In recent years the number of reformulated foods introduced on the European market has increased enormously, with leading food manufacturing companies reporting the reformulation of at least 50% of their foods.
The objective of the study was to analyse the intake of food and nutrients in Irish teenagers using the Irish Universities Nutrition Alliance (IUNA) National Teens’ Food Survey 2006 and compare it against the Food Safety Authority of Ireland FSAI Healthy Eating Guidelines that were released in 2011.
BACCHUS is focusing on the action of bioactive substances found in foods that are common in European diets including apple, chokeberry, sweet oranges, pomegranate, cured pork products and wheat.
An athlete’s diet has a significant impact on their performance, especially leading up to and during an important event. Specific nutritional recommendations have been established for athletes for before, during and after an event, in particular for fluid intake.
How might we make predictions in a world of choice and randomness? If we borrow a concept from modern physics, we may be able to make lots of predictions rather than just one.
Caffeine can be a controversial topic – many espouse its benefits while others remain wary of the negative associations. Caffeine, even in low doses, may increase alertness and improve performance efficiency tasks.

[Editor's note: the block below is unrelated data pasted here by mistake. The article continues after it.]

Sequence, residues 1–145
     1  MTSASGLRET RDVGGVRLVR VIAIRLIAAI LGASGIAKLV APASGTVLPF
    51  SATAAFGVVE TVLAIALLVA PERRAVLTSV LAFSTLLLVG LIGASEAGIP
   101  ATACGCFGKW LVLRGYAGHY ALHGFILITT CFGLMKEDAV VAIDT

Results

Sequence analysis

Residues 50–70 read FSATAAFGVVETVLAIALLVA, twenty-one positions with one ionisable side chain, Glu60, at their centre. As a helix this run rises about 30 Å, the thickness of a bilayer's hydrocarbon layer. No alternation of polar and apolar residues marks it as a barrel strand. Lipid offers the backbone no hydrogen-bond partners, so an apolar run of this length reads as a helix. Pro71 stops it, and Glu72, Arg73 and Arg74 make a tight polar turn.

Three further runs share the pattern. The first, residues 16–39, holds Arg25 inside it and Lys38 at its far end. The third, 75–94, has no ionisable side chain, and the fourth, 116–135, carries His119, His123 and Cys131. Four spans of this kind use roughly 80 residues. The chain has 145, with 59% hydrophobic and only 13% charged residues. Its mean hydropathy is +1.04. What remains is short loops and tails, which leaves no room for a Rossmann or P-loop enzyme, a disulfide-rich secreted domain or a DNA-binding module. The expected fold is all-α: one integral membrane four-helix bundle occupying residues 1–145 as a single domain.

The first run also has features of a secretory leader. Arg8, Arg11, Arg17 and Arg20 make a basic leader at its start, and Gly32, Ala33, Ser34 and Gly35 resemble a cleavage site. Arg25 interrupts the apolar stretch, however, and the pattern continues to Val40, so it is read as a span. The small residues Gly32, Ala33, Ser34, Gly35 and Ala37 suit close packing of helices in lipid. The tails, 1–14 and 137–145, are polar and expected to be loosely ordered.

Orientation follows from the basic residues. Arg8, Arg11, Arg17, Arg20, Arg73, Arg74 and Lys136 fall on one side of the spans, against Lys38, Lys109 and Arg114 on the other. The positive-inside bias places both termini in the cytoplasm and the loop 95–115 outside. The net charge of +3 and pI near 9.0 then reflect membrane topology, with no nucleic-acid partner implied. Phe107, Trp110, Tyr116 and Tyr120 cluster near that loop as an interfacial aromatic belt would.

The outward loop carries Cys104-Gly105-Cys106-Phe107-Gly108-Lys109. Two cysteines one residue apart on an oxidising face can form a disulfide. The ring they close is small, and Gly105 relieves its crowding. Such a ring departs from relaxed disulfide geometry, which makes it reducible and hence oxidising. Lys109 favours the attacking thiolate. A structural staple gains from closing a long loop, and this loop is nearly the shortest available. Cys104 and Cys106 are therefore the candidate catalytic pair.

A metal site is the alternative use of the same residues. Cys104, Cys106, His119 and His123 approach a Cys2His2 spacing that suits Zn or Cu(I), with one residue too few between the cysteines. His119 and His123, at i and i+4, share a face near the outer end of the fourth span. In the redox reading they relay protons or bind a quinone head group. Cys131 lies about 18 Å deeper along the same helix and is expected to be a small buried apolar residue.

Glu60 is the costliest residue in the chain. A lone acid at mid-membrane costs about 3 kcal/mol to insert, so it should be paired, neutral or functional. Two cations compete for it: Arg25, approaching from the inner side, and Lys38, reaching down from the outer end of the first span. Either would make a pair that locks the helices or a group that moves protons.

Phenolic compounds are secondary metabolites synthesized by plants that may have beneficial effects on human health and provide protection against chronic diseases.
Clean label is not a trend anymore, it is considered to be standard for many consumers and food manufacturers. Consequently, the food industry keeps moving toward such products, in order to meet consumers’ demands.
Most CVDs can be prevented by modifying our behaviour: not smoking, reducing our alcohol intake, being physically active and watching our weight and waistlines. Monitoring our diet, particularly our intakes of saturated fat, is also important.